Samsung’s 2022 S95B OLED comes in 55-inch ($1,599.99, originally $2,099.99) and 65-inch ($1,999.99, originally $2,799.99) sizes. Both feature an OLED panel with Quantum Dots for an even more vibrant picture that is fully self-lit from the pixels themselves.
Finally, Roku is adding a wireless soundbar to its speaker lineup. There’s no word about pricing or release date for the soundbar, but I assume we’ll see it released alongside the TVs this spring. Roku’s current line up includes the Streambar and Streambar Pro, both of which double as a streaming box and a sound bar and use an HDMI connection to your TV.
The wireless soundbar will join the Wireless Bass subwoofer, Wireless Bass Pro, and Wireless Speakers to round out Roku’s audio product offerings–giving users a completely wireless experience, if they want.
Roku launching its own TV lineup only makes sense. The company was already doing most of the work to create its own TV, but leaving the final leg–manufacturing–to its hardware partners. By building its own TVs, Roku can now implement and test new features on its own schedule instead of relying on its partners to integrate it.
It’ll be interesting to see the final specifications and pricing as we get closer to launch. That will tell us a lot about how competitive Roku plans on being with its own TV lineup.
Still though, Roku will still be the featured smart interface on TVs made by manufacturers like TCL or Hisense. And you can add the Roku experience to any TV in the form of a streaming stick or box.
The entry-level streamer in Roku’s lineup is the Express. It’s a tiny streaming box that plugs into power and then a TV via HDMI. It comes with the classic remote and gives you instant access to nearly all the major streaming services.
If you need content being streamed at up to a 4K resolution, that’s where the Express 4K+ ($29.99, originally $39.99 at Amazon) comes in. It’s a streamer capable of hitting those resolutions along with supporting HDR, and comes with a voice remote. This way you can ask for content from a specific streaming service.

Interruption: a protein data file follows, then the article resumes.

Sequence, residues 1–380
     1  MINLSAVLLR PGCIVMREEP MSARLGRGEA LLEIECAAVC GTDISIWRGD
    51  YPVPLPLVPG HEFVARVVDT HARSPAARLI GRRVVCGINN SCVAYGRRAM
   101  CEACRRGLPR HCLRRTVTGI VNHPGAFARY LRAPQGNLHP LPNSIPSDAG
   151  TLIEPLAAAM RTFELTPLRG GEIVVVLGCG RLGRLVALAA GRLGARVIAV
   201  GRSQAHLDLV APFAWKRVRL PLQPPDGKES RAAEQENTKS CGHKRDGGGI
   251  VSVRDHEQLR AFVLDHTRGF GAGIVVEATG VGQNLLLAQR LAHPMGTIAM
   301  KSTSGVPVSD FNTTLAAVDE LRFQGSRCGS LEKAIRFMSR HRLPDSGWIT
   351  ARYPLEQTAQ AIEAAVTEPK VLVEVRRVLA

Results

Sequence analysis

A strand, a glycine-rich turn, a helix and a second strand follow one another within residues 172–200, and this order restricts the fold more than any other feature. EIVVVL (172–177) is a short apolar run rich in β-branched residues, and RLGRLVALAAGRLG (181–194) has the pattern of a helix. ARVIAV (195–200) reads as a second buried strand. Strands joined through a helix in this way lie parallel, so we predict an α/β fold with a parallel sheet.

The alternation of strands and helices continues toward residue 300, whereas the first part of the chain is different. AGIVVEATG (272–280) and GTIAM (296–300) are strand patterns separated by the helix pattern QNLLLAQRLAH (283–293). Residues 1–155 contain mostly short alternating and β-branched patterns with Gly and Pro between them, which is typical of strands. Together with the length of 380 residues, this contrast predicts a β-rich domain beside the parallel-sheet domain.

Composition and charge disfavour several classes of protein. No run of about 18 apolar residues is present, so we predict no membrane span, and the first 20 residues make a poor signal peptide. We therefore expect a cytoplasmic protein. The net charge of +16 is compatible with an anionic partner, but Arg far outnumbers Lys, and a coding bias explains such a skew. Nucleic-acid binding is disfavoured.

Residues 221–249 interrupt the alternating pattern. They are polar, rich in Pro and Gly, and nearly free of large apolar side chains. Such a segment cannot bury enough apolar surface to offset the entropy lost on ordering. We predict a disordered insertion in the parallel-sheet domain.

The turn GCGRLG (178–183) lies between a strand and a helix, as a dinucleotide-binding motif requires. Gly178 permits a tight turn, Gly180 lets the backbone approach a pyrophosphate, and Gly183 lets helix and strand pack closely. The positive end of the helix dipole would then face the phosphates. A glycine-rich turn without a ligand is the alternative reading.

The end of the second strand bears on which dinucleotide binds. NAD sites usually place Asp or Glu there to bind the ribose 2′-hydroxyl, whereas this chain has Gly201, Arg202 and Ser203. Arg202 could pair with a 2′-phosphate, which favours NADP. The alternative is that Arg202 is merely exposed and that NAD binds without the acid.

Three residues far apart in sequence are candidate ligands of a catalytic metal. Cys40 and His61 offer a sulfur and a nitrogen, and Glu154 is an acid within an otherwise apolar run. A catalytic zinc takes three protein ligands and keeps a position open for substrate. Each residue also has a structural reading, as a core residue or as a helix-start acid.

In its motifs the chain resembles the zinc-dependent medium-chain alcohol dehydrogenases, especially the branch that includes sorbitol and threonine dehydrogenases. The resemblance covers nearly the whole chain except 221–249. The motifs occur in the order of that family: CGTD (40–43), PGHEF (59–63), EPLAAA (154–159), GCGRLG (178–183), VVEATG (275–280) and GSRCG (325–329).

Roku’s Streaming Stick looks like a large USB thumb drive, but it plugs into your TVs HDMI port. Once you connect it to power using the included USB cable (that also improves Wi-Fi reception), you can stream 4K content with support for HDR and Dolby Vision if your TV supports it.
Included with the $50 Streaming Stick 4K is Roku’s Voice Remote that you can use to search for shows or movies. Like the rest of Roku’s lineup, the Streaming Stick 4K supports all major smart home platforms, meaning you can control your Roku device from Google Home, Alexa or even using Siri through Apple’s HokeKit platform.
The Streaming Stick 4K is a solid choice for someone who doesn’t want to spend a lot on a streaming device but wants to take advantage of what their 4K TV offers.
The Roku Ultra is the company’s best streaming device. It supports 4K content with Dolby Vision, Dolby Atmos and HDR10+ in tow. In addition to dual-band Wi-Fi, you’re also getting an Ethernet port for faster network connectivity.
Each Ultra includes Roku’s Voice Remote Pro, which can be recharged via a USB-C port. You can even use the built-in remote finder tool to locate it when you inevitably lose it in the couch cushions.
The Roku Ultra is for those who want the best Roku has to offer, and at $99 you’re still not spending a ton to get it.
Prices are accurate and items are in stock at the time of publishing.